I was told I was around five when my parents decided to go back to church. I’m guessing it was because they wanted me to get some “God” in my life. A lot of young parents do that. I’ve never completely understood their logic, but I suppose it’s better than a kid never getting the church experience at all.
Throughout my childhood and early teenage years, “church” was something I did on Sundays. It was part of my family routine. My mom helped in the nursery and joined with other ladies to plan potlucks. She and my dad both sang in the little church choir.
I attended Sunday school and Vacation Bible school and church camp and youth rallies and Bible studies and church work days and youth group parties at Christmas and Halloween. But the big day…the church day…was always Sunday.
Sunday as “church day” got assimilated into my life. There was nothing wrong with that. In fact, it was a huge part of my spiritual formation. Although it was often nothing more than the weekly ritual, it was still something important and the practice sunk deep into my psyche.
When I turned 18…in my second year of college…it all changed. “Attending” church on Sundays took on a whole new meaning. Wanda and I (now in our third year of dating) began guiding the youth group…teaching Sunday school, leading a Wednesday night Bible study and organizing youth group activities.
Sundays began to be a day that others needed me…instead of being a day I struggled to see value in devoting my time and energy to. And that serving began to build the structure of my next 40 years.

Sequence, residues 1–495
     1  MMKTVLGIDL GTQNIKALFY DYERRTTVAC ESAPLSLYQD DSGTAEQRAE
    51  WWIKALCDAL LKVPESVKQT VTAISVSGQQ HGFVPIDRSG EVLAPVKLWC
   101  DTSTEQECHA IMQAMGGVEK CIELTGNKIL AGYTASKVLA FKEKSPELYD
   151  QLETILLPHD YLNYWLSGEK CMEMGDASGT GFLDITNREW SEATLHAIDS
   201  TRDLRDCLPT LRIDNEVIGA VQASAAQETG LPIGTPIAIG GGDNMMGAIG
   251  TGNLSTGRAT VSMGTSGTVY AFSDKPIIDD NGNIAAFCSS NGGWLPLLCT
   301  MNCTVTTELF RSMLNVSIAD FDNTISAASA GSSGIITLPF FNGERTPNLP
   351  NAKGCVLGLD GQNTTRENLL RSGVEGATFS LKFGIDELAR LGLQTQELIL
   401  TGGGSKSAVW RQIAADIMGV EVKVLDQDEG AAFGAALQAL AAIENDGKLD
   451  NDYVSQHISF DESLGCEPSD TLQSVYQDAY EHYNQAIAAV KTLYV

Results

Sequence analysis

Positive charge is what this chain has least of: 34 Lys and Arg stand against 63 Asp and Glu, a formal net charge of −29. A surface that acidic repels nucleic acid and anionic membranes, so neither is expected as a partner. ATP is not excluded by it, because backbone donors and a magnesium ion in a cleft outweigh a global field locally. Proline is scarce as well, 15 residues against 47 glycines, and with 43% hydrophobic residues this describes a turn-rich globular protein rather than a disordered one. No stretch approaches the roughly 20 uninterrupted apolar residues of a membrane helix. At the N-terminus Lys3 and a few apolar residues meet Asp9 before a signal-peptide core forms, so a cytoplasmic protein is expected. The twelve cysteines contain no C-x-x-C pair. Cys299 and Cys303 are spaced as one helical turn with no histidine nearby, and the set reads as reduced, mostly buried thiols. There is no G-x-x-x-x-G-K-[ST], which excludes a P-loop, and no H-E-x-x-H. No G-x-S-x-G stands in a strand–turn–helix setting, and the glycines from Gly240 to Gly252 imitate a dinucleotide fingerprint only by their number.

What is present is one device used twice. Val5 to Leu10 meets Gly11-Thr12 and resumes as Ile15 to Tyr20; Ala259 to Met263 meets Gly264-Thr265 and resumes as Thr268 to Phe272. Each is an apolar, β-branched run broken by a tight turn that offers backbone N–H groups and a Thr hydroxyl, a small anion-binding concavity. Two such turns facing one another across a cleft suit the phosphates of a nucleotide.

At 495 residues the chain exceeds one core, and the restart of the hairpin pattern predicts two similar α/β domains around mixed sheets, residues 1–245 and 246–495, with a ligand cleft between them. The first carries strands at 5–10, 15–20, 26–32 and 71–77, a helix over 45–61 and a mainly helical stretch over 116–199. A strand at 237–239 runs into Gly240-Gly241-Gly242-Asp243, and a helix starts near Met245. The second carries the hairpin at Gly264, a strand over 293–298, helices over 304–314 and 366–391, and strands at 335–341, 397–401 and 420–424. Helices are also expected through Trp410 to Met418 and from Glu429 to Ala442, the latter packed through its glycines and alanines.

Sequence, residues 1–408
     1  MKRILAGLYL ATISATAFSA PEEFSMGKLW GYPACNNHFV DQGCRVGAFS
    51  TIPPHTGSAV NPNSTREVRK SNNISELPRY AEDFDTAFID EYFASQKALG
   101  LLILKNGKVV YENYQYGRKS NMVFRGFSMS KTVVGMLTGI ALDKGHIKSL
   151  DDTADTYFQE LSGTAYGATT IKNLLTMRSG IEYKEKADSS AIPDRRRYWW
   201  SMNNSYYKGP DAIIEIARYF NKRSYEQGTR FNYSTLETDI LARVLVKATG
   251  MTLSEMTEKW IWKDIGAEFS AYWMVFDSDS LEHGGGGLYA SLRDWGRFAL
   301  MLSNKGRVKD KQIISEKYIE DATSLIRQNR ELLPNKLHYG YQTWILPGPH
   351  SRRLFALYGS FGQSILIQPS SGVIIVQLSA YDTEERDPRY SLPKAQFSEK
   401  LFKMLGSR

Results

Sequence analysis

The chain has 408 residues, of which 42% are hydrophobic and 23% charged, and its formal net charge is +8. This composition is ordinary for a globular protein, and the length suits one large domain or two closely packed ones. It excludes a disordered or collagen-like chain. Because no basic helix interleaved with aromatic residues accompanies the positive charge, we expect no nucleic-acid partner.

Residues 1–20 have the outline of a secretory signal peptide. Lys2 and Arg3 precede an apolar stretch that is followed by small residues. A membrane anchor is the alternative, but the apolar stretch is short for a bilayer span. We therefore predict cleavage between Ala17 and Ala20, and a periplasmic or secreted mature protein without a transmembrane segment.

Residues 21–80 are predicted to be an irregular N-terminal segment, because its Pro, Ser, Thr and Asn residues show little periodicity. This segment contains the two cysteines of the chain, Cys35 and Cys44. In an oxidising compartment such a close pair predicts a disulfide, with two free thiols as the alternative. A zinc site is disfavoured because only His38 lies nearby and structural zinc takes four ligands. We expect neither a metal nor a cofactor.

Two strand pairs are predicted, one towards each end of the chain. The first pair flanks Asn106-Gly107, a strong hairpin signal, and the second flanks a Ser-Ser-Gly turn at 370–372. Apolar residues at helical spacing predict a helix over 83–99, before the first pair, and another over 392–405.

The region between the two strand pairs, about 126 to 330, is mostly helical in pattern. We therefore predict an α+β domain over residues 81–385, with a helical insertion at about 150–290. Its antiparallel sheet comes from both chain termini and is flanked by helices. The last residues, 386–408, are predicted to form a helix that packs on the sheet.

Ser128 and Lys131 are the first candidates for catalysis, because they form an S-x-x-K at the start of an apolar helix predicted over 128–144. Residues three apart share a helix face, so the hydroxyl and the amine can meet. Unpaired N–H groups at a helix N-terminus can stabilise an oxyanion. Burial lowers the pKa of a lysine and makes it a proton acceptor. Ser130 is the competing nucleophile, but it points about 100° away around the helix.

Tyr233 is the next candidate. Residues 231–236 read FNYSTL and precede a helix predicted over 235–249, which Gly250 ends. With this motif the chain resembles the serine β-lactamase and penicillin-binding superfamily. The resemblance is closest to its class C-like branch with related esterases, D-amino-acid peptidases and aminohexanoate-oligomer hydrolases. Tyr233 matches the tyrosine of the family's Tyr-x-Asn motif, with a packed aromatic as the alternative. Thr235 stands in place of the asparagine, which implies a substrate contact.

Through the years, kids in the youth group (and even some of their parents) liked to call me a professional christian. And on some level, they were right. For the whole of my adult life, Sundays have always been work days for me. As kids loved to remind me, “Dude, you’re paid to be here on Sundays!”
There is no doubt my relationship with Sundays is different from most. A big portion of my work week is spent with Sunday in mind. It is certainly the day in my week where I have the greatest volume of connection with the greatest number of people. Of course its important to me!
But here are two truths that help me keep perspective on Sundays:
First, I learned years ago that most people don’t have the same attitude about Sundays that I do. Because of long work weeks and hectic schedules and the incredible demands of raising children in our culture and the pull of extended family…not to mention the unrelenting grip of home ownership and the weekly management of all the “stuff” we own and how much of our time and money it requires...a weekly commitment to Sunday mornings is a very difficult thing to make. The benefits of “church” are often completely obscured by the potential benefits of anything and everything else. And I get it.
Second, and most important, my commitment to Sunday mornings at North Point really has nothing to do with my job and my perceived “requirement” to attend. I am present on Sundays because I am always better for having been with my church family. When I miss, it is my loss.
I didn’t preach today. I sat in the crowd. I sang songs. I followed the sermon that Adam preached (very well, mind you). I hung out. I talked to people. I was reminded that, more than anything else, I’m just a part of a really cool church family that meets altogether every Sunday morning.
I wish you felt about your church family the way I do mine.